We have managed to partially pull off a heat spreader to show more details on the Tracer PCB as well as what memory chips Crucial uses on these sticks.  You'd assume they use Micron memory, but you never know. . .

 Crucial Sticks - Top LED
Crucial Sticks - Top LED
 Crucial Sticks - Ballistix chips
Crucial Sticks - Ballistix BGA

 

When I managed to remove the heat spreader from one side of the module, I found that each chip has the word "Ballistix" screen printed over top of the other markings and couldn't read what chips Crucial used.  I tilted, squinted, got a light and even a magnifying glass to see what markings were under the "Ballistix" printing.  After a few minutes of frustration, I was able to identify the Micron logo and "D9" on the bottom row of one memory chip.  They are in fact D9 chips - same as the A-Data memory.

With both products packing Micron D9 chips can we expect identical performance?  On the next page we'll jump into testing and find out.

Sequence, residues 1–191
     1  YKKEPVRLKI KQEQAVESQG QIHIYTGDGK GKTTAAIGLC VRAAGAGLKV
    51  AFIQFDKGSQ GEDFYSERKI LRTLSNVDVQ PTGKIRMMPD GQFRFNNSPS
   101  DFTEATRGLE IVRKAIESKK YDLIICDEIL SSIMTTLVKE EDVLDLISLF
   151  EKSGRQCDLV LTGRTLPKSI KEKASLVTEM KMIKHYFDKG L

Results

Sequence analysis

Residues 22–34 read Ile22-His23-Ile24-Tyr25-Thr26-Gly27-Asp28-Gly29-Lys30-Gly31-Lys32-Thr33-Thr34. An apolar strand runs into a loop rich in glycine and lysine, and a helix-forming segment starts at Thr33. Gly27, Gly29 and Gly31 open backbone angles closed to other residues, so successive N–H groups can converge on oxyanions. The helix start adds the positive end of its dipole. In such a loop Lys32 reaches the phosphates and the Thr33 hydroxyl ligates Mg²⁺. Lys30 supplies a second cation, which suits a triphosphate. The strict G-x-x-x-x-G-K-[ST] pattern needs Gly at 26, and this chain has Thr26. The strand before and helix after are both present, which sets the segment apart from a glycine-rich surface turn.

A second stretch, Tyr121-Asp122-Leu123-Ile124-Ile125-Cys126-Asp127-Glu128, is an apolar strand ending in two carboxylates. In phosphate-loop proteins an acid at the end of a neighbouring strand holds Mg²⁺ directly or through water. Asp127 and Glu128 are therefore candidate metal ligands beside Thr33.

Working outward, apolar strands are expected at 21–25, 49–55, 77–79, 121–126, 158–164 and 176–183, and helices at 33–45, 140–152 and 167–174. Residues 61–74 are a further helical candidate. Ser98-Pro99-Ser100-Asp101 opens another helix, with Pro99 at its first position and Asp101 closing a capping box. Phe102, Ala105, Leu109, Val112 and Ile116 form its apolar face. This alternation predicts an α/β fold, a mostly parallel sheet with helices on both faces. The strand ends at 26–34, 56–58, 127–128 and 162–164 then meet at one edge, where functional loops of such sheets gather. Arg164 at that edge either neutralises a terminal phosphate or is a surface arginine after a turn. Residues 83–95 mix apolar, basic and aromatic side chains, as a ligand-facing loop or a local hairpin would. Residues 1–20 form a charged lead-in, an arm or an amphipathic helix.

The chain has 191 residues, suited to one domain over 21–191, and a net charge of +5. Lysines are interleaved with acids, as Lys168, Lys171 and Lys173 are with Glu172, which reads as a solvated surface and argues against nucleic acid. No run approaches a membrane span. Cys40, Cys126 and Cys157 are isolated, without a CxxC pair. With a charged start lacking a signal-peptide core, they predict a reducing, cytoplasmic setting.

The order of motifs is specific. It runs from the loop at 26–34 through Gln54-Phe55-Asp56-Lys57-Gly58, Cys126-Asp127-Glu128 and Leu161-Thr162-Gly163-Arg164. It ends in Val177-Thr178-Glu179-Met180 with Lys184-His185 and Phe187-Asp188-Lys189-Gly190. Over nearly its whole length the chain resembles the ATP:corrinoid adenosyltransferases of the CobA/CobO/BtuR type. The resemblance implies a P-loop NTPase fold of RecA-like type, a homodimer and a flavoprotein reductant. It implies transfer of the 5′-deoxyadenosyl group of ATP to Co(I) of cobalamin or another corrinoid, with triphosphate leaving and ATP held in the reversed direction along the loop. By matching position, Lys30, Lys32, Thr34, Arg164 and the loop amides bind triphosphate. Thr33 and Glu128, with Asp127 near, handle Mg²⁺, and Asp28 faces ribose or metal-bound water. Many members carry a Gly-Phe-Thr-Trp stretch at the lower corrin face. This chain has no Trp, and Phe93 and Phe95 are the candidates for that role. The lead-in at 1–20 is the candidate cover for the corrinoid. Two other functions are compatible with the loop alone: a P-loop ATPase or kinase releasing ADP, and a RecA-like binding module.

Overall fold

Test Setup:

We used our Athlon 64 setup because our Core 2 Duo system can't run memory as fast as the Athlon.  The MSI 975X Platinum motherboard has BIOS settings that allow for DDR2-1066 speeds, but when selected, the board will not POST.  This is a know issue with the motherboard and until we get a couple of new motherboards for testing memory we are a little limited.

 


Test Info & Overclocking:

With AMD systems the memory performance is directly related to the speed of the memory controller which is located on the CPU.  When you run DDR2-800 memory at 800MHz with a CPU speed of 2.0GHz (3800+ X2 Stock), you can expect a certain level of memory performance.  "Memory Performance" increases with increases to the CPU so if you run your memory at 800MHz at 3.0GHz (6000+ X2 Stock) you will score much higher on your memory performance benchmarks.  We have tried to eliminate this as much as possible and have tried to use multipliers on our K9N Platinum motherboard that allow us to keep the CPU at relatively the same speed while increasing memory speeds.  This is not always possible so the results are not based entirely on "memory performance", but also on CPU speed as well.